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The 20 Best Sci-Fi Movies of the Last 20 Years

The 20 Best Sci-Fi Movies of the Last 20 Years

At some point since IndieWire launched 20 years ago, the present started to catch up with the future that movies imagined for it. “Rollerball” was set in 2005, “The Postman” took place in 2013, and the 1989 “Back to the Future Part II” saw Marty McFly riding a hoverboard on October 21, 2015. We might still have a ways to go before “Jaws 19” is playing in theaters, but “Blade Runner” is right around the corner. (The fashion world hasn’t quite kept pace with Ridley Scott’s neo-noir classic, but our planet’s smog game is definitely on point.)

Two decades ago, we had Steve Jobs, Bob Hope, and Johnny Cash. Now, we have video phones in our pockets, holograms that resurrect dead celebrities, and virtual reality so widely available that it comes with the Sunday copy of the New York Times. “Face/Off” may not yet be a reality (as far as we know), but Snapchat manages to get the job done just fine.

Every step of the way, movies have been there to help us anticipate and make sense of this brave new world. “The Matrix” borrowed from sources as disparate as Philip K. Dick and Rainer Werner Fassbinder to brace us for a world in which people sacrificed a barren reality in favor of a glossy virtual alternative. “Minority Report” illustrated how ethics have to evolve at the speed of technology. “Ex Machina” compelled us to reconsider the definition of what it means to be human, and a surge of time-travel films from around the world forced us to consider the tenuous role of the present as it’s suspended between yesterday and tomorrow.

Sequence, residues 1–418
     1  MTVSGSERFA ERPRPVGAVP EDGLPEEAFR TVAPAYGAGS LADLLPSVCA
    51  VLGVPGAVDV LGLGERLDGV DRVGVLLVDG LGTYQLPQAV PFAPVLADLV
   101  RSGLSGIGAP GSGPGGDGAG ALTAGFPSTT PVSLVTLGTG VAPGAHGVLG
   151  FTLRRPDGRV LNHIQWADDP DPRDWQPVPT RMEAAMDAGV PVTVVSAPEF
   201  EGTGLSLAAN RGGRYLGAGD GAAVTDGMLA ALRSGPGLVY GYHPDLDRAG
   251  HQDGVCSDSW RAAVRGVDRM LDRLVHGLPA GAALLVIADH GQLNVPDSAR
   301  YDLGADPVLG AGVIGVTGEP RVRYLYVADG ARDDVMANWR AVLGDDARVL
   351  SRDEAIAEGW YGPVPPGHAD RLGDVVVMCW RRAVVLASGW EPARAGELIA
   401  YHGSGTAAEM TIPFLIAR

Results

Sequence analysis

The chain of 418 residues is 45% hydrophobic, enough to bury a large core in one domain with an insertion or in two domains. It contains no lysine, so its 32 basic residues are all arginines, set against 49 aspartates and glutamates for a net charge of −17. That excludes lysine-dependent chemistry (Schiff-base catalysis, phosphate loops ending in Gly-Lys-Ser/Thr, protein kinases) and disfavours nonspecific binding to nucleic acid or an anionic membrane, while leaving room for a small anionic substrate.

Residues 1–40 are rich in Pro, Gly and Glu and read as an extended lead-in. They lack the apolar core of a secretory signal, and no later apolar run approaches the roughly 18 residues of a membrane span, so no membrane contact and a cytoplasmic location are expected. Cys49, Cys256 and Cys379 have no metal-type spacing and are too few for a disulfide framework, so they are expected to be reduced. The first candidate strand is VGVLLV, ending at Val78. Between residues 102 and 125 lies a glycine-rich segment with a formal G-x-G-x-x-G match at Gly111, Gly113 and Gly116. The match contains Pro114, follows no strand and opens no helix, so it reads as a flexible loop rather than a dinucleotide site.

READ MORE: Here’s How to Shoot a Sci-Fi Film on a Low Budget

The sci-fi genre is as vast as the future itself, but in order to make sense of where we are — and take stock of how far we’ve come — the Indiewire staff has compiled a list of the 20 best sci-fi films of the last 20 years, presented in chronological order.

Galaxy Quest


If you scan through the other 19 picks on this list, you’ll see that laughs can often be in short supply. It’s a good thing this pitch-perfect execution of the “What if aliens thought ‘Star Trek’ was a real record of Earth history?” premise has enough for all the rest of them. But not only is “Galaxy Quest” rare as a sci-fi film built on comedy, it’s the rare parody that doesn’t look down on any of its characters. Not Tim Allen’s pompous semi-Shatner Jason Nesmith, who sheds his Hollywood ego to become the true commander of a ragtag group of C-listers. Not the Thermian leader Mathesar (Enrico Colantoni), a sincere protector of a dying race, despite having trouble grasping the twin concepts of dramatic representation and voice modulation. Not Guy Fleegman (a career-best Sam Rockwell), the former walk-on guest star who effectively stares down his crippling fear of mortality. Even the obsessive computer nerds get to be heroes! Few movies in the past two decades are as purely enjoyable as watching Sigourney Weaver, Tony Shalhoub, the late Alan Rickman and the rest (oh hey, Rainn Wilson!) work with a stockpile of one-liners capable of supporting its own small lexicon. (“Did you guys ever WATCH the show?“) — Steve Greene

The Matrix